Unlike Buffalo’s hot chicken wings, or Nathan’s Coney Island Hot Dogs, the dish has not developed a national following. But in any event, if you can’t make it Charlie Gitto’s in St. Louis, you can certainly enjoy them at home with this simple recipe. It is a great little late night snack…….and trust me, you will not be able to get enough of these crispy pillows of heaven!

For this recipe, I used some left over Shrimp and Lobster Ravioli that I made this winter and froze them for a future use, so I used them straight from the freezer. Nothing ever goes to waste in a cook’s kitchen! Enjoy!

Ingredients:
For the Ravioli:
4 cups Vegetable Oil
6 whole Eggs
1/2 cup milk
2 cups all-purpose Flour
2 cups Japanese Panko Breadcrumbs
1/2 teaspoon crushed basil
1/4 teaspoon dried oregano
1/4 teaspoon garlic powder
A pinch of salt
24 whole frozen ravioli
2 cups marinara sauce, heated (Recipe Follows)
1/4 cup shredded Parmesan cheese
1 Tablespoon fresh parsley, minced

For the Marinara Sauce:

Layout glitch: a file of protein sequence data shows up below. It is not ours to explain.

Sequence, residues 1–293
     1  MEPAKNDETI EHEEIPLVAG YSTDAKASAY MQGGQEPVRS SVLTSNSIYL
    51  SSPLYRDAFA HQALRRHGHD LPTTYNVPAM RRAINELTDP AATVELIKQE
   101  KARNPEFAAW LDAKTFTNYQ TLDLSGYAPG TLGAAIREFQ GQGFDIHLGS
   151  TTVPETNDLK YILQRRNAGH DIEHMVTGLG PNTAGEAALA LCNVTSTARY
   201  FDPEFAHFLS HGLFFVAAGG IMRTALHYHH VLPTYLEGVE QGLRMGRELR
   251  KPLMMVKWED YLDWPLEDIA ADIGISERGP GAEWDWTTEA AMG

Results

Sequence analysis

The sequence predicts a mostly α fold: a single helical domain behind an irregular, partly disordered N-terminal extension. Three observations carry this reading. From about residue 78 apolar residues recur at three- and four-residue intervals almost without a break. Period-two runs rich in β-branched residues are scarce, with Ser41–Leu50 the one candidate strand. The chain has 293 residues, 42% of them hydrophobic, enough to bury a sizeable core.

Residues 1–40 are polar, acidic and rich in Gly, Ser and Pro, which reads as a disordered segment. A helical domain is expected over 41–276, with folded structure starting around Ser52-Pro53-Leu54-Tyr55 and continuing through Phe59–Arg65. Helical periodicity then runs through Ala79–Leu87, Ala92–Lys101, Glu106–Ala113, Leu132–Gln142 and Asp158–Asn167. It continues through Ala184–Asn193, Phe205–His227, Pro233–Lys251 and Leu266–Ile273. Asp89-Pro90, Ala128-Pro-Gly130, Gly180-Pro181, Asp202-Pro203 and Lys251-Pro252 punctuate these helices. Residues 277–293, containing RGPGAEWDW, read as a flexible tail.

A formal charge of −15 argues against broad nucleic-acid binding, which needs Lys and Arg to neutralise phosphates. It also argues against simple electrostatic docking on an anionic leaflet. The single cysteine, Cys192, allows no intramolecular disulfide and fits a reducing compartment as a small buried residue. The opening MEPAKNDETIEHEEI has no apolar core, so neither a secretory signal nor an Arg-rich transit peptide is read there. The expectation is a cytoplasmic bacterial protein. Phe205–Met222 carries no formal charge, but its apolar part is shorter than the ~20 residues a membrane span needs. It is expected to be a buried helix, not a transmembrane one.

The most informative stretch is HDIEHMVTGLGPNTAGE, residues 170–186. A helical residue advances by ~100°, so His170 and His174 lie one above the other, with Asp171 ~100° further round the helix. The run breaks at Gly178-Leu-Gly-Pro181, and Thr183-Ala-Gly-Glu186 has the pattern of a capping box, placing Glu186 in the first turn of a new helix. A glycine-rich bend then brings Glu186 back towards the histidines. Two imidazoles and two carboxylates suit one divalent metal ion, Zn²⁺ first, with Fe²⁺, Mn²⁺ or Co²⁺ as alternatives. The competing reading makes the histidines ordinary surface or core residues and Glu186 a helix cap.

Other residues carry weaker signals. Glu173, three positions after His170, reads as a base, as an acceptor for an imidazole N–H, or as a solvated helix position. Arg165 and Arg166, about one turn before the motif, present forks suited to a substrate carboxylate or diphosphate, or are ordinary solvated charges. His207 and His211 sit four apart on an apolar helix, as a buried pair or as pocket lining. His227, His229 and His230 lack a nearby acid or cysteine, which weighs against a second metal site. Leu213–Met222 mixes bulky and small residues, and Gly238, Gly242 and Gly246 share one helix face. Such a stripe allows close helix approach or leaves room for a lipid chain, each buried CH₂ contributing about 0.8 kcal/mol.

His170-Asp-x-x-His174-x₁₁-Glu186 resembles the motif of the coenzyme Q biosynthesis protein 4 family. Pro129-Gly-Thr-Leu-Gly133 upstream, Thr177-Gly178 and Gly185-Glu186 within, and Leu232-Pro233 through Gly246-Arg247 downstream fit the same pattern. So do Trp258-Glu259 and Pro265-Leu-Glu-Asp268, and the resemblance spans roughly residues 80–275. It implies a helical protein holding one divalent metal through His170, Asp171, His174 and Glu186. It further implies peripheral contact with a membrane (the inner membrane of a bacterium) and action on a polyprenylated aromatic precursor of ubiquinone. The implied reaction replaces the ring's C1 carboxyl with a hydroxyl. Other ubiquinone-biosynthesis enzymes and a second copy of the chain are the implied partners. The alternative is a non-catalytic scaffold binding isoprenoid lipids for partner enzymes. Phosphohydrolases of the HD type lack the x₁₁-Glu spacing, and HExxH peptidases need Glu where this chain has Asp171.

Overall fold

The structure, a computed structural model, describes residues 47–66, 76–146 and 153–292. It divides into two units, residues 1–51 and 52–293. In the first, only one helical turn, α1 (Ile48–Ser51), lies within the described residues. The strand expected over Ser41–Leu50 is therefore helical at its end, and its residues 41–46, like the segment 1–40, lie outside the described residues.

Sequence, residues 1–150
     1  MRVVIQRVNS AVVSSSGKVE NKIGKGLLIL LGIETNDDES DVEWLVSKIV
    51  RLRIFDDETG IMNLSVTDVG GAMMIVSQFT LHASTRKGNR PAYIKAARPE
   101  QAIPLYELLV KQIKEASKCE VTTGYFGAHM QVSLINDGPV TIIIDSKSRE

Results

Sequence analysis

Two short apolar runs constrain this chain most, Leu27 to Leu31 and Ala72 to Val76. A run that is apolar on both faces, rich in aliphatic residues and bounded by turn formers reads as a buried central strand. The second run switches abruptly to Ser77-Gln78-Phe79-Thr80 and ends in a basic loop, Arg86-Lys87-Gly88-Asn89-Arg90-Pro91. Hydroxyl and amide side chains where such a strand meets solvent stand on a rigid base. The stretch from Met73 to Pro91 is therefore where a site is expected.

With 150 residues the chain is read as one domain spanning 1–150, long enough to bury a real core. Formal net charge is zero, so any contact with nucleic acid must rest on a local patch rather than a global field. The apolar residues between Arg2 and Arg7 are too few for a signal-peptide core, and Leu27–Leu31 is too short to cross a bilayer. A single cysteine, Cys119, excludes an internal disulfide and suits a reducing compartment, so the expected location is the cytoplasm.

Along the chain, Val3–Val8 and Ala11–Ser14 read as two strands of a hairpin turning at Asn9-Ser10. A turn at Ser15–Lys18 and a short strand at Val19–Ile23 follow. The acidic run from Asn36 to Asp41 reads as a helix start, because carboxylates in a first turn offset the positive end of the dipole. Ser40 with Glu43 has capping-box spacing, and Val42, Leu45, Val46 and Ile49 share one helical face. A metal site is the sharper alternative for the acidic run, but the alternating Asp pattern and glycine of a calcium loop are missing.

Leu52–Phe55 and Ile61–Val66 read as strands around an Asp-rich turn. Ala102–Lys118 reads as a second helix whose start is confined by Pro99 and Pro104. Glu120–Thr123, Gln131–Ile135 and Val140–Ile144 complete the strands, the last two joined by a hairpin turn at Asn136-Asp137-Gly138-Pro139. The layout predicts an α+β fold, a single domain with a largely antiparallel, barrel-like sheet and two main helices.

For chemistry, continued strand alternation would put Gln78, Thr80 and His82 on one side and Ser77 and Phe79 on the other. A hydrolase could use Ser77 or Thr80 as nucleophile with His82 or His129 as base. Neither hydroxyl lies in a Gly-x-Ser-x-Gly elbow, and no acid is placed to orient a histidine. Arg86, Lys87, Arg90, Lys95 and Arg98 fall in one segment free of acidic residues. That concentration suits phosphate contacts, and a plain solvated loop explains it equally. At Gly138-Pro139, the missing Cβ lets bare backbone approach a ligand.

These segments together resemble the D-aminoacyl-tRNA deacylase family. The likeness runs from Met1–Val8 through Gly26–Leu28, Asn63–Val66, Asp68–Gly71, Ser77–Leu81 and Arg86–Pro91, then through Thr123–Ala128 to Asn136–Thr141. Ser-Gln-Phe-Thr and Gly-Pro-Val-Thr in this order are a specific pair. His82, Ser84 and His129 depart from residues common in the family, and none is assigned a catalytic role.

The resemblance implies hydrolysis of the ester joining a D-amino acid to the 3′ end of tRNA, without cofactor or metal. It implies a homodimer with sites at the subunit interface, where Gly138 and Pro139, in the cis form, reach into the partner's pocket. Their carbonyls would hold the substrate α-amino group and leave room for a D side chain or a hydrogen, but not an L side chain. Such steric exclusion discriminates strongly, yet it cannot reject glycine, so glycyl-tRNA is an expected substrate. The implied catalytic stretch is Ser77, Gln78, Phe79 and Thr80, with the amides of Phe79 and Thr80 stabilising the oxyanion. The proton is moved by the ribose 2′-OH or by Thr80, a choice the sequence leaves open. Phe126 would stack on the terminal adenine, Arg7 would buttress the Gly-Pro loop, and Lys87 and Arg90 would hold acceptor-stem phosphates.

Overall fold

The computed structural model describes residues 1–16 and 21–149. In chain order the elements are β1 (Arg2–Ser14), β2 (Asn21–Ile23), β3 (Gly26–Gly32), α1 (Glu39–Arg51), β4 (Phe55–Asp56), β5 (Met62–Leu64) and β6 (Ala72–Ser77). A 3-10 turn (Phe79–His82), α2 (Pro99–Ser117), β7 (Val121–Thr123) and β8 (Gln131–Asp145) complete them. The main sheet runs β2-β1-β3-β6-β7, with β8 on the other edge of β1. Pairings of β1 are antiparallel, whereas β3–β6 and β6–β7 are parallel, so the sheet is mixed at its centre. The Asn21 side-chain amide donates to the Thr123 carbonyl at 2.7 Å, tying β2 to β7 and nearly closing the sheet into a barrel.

Makes 4 Cups
One 28-ounce can Roma tomatoes
One 6-ounce can tomato paste
4 Tablespoons chopped fresh parsley
1 clove garlic, minced
1 teaspoon dried oregano
1 teaspoon salt
1/4 teaspoon ground black pepper
6 Tablespoons olive oil
1/3 cup finely diced yellow onion
1/2 cup burgundy red wine

Directions:
For the Marinara Sauce: In a food processor or blender place Italian tomatoes, tomato paste, chopped parsley, minced garlic, oregano, salt, and pepper. Blend until smooth.

In a large skillet over medium heat saute the finely chopped onion in olive oil for 2 minutes. Add the blended tomato sauce and white wine. Simmer for 30 minutes, stirring occasionally. the marinara sauce can be made up a day ahead of time, cooled and stored,covered in the refrigerator until ready for use. Rewarm over medium heat before using.